Ismailis in Iran are, in fact, a sub-branch of the Shiite Muslims who are known by various names like Ismailis, Bateni, Qermati, Saba’ie, etc.
The point of diversion between them and 12-Imam Shiite branch (the dominant branch in Iran) began after the 6th Imam, Jafar-e-Sadeq. Unlike the Twelvers who believe the 7th Imam is the 6th Imam’s son called Musa Kazem, Ismailis believe that the next righteous Imam is his other son, called Ismail.
This sect of Shiites is also called 7 Imam Shiites or Seveners, because of their belief in the 7th Imam. Ismail’s son had to follow up the leadership of his followers behind scenes, because Ismilis were afraid of their enemies especially Abbasid Caliphs. The leadership of Ismailis still goes on in a hidden manner.
It was in 10th century that Ismailis founded a government at North Africa under the name of Fatimids Caliphate system. Since then, they turned to be a strong power in the Islamic world and grew much mightier than before. Their ruling realm was gradually expanded to other countries like Egypt, Syria, Iraq, etc as a result of summoning some people as missioners who tried to absorb more and more followers.
The Situation of Ismailis in Iran
Baghdad, then, was the capital of Seljuks who believed in the Sunni branch of Islam (then and now the dominant branch in the whole world of Islam). On the other hand, the Seljuks were the invaders who were defending the previous invaders, Arabs. Like Baghdad Caliphs, Seljuk invaders were Sunnis after they had converted to Islam. Although the majority of Iranians were Sunnis too, they had been treated by both of them as the invaded nation.
The caliphate system at North Africa declined, but did not collapse. Their movement was renewed and continued for another 170 years in Iran under the leadership of Hasan-e-Sabbah and his successors. He set his headquarter in a fortress up in the mountains of the central Alborz called Alamut fortress and led his followers from there.
His successors maintained the leadership of Ismailis from Alamut fortress until 1256. It was in 1256 that Mongols seized the Ismailis’ castle. Then, the Ismailis in Iran had to go on with their activities for some time in a hidden way and then escape to the eastern neighboring countries, most of all, to India.
Since the leaders of Ismailis were interested very much in studying and researching, they founded a well-known library in India to which many famous researchers were attracted. When in Iran, they had also had very well-provided libraries.
Facts & Fictions about the Ismailis in Iran
Western writers and travelers have written stories describing the beliefs and works of Ismailis that are not approved by Ismailis.
The common theme of such stories is as follow:
“There is an old man who is the head of Ismailis living in a castle high in the mountains difficult to reach. There he has made an example of how heaven has been elaborated in Koran to tempt the young sons of his subject villagers to do whatever he wants. Instead, they could enter the heaven promised by God.
This elder of mountains was as highly respected as a prophet by the villagers. Their sons of 12 to 20 years of age were sent to such fortresses to be taught of Ismailis? doctrine of Islam, to be acquainted with the quality and value of heaven (with all its tempting joys like streams of milk, honey, water and wine and beautiful female angels, etc) and to be prepared to do whatever the elder wants them to do; meaning killing an enemy by a gold-made dagger presented to them by the elder.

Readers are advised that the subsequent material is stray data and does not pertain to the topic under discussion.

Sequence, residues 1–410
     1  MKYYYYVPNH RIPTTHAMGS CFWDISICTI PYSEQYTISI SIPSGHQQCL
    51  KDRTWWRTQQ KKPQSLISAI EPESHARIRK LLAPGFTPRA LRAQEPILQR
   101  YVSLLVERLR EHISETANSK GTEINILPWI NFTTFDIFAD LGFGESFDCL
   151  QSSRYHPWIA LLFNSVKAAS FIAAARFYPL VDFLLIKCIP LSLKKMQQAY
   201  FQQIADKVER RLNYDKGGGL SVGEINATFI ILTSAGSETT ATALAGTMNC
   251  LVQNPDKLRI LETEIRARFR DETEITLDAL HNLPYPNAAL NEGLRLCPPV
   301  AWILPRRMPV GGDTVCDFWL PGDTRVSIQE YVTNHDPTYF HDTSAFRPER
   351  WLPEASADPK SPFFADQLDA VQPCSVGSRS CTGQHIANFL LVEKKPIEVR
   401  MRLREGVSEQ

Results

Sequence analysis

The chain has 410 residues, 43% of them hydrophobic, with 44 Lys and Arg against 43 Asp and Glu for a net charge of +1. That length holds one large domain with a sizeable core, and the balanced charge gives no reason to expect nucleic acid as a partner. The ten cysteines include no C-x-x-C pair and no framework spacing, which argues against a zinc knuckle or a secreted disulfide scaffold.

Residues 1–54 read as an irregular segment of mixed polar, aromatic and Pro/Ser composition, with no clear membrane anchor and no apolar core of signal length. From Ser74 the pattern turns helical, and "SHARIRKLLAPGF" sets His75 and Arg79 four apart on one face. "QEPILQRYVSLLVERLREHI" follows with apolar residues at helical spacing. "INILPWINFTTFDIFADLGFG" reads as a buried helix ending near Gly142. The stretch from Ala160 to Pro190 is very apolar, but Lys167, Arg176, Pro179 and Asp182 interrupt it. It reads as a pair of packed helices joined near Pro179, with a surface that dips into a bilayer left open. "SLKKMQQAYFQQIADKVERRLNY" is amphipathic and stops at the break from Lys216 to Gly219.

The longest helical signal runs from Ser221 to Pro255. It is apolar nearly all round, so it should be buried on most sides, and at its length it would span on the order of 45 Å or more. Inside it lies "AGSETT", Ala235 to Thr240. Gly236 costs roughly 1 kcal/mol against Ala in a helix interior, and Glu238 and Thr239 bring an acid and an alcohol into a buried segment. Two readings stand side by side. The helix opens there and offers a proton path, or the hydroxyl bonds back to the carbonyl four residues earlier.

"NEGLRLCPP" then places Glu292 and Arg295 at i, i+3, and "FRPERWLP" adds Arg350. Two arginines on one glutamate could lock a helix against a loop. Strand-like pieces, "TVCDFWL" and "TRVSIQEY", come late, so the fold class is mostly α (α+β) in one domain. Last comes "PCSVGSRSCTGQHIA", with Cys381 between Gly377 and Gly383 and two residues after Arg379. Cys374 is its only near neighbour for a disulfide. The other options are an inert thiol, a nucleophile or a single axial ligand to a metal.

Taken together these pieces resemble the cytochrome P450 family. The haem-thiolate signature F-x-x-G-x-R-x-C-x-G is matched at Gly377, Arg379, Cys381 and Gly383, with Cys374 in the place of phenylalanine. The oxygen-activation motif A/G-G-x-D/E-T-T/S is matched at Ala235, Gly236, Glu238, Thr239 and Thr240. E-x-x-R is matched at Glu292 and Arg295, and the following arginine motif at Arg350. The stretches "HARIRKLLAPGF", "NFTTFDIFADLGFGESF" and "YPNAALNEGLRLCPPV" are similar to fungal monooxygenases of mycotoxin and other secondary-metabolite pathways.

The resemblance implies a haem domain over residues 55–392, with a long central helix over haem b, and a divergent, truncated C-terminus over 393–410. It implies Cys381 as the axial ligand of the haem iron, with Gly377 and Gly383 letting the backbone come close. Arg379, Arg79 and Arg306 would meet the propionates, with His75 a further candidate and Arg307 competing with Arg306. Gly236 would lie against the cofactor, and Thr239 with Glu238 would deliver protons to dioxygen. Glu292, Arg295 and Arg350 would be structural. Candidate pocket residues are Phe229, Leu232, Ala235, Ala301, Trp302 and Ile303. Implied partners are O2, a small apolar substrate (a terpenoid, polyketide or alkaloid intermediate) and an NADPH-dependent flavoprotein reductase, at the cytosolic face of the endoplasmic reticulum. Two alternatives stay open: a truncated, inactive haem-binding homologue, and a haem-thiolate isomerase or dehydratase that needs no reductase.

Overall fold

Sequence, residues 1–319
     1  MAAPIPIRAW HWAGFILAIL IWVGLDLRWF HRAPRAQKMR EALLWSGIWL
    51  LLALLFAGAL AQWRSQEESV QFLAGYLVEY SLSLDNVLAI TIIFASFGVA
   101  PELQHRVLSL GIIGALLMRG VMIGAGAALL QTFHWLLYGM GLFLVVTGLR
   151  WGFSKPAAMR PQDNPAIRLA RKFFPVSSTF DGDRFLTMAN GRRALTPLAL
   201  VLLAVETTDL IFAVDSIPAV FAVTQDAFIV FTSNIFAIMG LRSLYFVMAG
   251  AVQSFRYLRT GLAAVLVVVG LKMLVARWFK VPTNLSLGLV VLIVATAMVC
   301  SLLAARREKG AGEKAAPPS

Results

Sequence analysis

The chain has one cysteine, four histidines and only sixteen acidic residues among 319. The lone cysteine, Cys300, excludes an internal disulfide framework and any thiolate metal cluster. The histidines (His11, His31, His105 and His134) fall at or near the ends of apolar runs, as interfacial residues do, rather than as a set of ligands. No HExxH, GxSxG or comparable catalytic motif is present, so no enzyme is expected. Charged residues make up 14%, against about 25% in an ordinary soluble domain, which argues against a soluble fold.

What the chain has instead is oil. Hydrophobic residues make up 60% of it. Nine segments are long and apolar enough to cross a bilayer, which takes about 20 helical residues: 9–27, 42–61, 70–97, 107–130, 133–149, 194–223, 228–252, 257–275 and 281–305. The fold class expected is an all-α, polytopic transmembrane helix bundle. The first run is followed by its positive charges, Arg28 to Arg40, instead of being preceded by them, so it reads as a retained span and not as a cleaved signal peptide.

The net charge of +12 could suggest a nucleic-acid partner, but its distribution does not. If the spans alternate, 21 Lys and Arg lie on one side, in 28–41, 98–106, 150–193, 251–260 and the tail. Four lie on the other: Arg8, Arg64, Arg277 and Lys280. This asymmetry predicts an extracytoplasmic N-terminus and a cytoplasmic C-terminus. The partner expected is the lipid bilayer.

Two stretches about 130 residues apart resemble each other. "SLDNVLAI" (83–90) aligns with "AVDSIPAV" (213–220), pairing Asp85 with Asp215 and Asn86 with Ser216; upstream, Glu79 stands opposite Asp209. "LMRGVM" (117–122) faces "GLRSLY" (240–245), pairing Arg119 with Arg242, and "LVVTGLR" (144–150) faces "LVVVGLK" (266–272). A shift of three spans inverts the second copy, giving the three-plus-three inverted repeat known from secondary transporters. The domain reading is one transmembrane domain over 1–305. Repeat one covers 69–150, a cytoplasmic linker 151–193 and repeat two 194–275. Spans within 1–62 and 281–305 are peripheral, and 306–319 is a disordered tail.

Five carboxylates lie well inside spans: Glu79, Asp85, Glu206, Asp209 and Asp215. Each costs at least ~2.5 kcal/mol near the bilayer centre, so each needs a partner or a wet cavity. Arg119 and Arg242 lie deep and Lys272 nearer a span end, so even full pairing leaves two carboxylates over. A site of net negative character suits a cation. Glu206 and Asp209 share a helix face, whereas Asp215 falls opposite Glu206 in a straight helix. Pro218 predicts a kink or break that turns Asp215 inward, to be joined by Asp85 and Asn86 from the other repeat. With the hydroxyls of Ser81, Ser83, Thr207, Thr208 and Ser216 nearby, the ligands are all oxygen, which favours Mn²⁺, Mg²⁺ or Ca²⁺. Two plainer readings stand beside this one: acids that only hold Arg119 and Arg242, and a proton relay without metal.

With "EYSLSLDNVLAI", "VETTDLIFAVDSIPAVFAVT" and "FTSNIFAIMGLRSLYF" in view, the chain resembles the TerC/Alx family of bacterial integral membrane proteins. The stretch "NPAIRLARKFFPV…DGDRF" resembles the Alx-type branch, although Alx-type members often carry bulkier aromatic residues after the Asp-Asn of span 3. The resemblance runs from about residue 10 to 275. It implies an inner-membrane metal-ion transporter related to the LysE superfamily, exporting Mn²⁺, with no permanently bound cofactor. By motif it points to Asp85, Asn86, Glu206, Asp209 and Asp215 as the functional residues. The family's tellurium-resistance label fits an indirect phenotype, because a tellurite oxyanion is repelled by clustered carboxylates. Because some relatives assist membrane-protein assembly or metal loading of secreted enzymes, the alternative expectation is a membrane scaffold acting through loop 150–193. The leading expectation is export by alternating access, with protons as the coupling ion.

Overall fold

At the end, either killed or victorious, they could enter heaven. To start to be prepared to do their mission, they were given hashish (the Arabic word from which “assassin” has been derived) to deprive them from referring to their sound mind and have them act according to the elder’s commands.”
It is noteworthy that Ismailis are called Assassins by Westerners. The word “Assassin” comes from the Arabic word “hashish”. There was not such substance in Iran at the time of Ismailis. The Seveners of Iran did not speak Arabic and did not take hashish. So, it will not be a proper name to attribute to them.
But Ismailis of Iran reject these stories and introduce themselves as the true followers of Mohammad, the prophet of Islam. They believe that the lack of understanding of the philosophy of martyrdom in Islam by the western writers has led them astray. Ismailis were going out to different cities and countries after being trained to invite others to their religious doctrines.
Hasan-e-Sabbah was an activist of his time against the Turk invaders, Seljuks, occupying Iran and supporting Sunni Abbasid Caliphs. As a matter of fact, they were the first political oppositions who had their enemies killed.
He was born at Qom, one of the early settlements of Arabs in Iran and a center of Twelvers in the early 11th century. He went on with his religious schooling at Rey, near Tehran, the center of Ismailis activists. First he was against them, but later became the leader of them inviting others to this doctrine too.
He set up his fortress at Alamut in an area where people were the last Iranians converting to Islam. The area was called Daylam and the people were always warriors disobeying Arabs and other invaders. In politics, they wanted their own independent dynasties and in religion, they wanted a branch different from that of Arab invaders.
Hasan-e-Sabbah managed to get some Seljuk officials assassinated in Iran and turn to be the major threat to ruling Seljuks. During this period of 170 years, Hasan-e-Sabbah and his successors created dreadful nightmares for the enemies of Iranians until, Hulagu, the Mongol seized the Alamut fortress.
Ismailis’ Famous Fortresses in Iran
Some of the preserved fortresses in Iran are Alamut (north of Qazvin), Lambesar (near Shahrud river), Gerd Kuh (near Esfehan), Khalenjan (near Esfehan), Meymoon Dezh (at Rudbar) and Samiran (near Manjil – the best preserved in its area out of many).